NYPD Blue or LAPD Blue?

Possibly not. Location shooting is used more readily to invite a sense of reality without necessarily specifying the geography. It was used in Hill Street Blues to project a (radical) urban grittiness but stopped short of saying what city events took place in (we can assume Chicago but are never told for sure), even going as far to create a fake district of this unknown metropolis. The ability to film on location doesn’t always mean you can film anywhere you like. Think about how many American TV shows are needlessly set in the vicinity of L.A. Often this isn’t an artistic choice but a local one. It’s plainly easier and more economical to find somewhere to shoot near the production base, in this case Hollywood, and use that to justify the setting. It’s the only way to understand why a show like 24 about federal counter-terrorism agents is set in the City of Angels and not Washington or some more suitable hub of government activity.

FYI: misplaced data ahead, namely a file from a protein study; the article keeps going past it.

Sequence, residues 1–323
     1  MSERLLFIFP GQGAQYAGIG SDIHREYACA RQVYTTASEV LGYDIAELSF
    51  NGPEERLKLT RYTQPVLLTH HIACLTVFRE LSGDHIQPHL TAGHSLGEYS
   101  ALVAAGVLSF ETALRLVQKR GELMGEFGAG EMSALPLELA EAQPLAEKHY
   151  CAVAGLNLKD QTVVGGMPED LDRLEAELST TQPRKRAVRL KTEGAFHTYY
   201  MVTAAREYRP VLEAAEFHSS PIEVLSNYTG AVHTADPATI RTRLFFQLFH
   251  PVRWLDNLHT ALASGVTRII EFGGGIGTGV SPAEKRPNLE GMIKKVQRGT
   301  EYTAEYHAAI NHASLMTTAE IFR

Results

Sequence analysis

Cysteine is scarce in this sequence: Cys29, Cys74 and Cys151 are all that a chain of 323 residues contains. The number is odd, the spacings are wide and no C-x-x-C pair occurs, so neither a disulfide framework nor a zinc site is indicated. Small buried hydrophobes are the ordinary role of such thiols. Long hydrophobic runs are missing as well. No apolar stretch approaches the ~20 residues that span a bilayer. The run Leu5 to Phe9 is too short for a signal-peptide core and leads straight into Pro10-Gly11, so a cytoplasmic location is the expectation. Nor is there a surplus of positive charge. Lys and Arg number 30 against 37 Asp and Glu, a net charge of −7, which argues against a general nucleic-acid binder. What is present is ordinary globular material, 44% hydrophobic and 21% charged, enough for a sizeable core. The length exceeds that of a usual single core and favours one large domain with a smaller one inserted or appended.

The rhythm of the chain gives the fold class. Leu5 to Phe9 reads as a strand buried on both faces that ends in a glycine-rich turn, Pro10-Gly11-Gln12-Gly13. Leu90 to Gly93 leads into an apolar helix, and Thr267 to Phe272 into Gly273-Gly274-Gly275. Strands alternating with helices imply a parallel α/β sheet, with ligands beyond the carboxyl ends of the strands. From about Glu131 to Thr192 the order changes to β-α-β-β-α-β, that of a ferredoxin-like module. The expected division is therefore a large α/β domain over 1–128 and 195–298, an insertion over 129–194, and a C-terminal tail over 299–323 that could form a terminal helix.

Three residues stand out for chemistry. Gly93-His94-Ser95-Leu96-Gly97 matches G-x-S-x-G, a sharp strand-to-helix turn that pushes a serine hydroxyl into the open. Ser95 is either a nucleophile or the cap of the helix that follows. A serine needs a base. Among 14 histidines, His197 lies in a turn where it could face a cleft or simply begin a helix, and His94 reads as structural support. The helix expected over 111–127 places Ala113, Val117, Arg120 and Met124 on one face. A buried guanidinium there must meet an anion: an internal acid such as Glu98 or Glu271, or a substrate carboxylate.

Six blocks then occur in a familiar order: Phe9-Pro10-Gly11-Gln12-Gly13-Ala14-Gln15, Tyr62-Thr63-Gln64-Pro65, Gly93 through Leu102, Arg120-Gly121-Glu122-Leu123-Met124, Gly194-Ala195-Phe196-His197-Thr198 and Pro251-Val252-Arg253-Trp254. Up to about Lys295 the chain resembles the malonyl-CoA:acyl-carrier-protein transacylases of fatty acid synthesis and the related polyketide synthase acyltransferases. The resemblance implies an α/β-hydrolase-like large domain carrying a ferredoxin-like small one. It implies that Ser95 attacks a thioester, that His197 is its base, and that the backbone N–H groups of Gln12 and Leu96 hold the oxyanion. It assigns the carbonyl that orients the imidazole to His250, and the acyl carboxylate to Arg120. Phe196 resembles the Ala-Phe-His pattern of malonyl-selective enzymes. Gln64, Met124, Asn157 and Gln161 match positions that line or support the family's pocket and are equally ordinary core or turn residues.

24 in L.A…for some reason

It’s clearly still a choice at the discretion of programme makers whether or not to push place and yet it’s happening more and more. I’m not sure what the explanation is. Perhaps it’s a product of multichannel television narrowcasting to niche audiences, allowing programmes about specific parts of the US to become popular regardless of broad national appeal. Maybe basing a show around a place is another way to create a programme’s distinctive brand in an ever-more competitive market. Most commentators agree with Chase that a sense of place is a sign of television quality. It’s certainly more important than it used to be.

TV Old

Posted in American TV (General), American TV Shows, Reviews, TV channels, TV History with tags , , , , , , , , , , , , , , , , , , , on June 5, 2013 by Tom Steward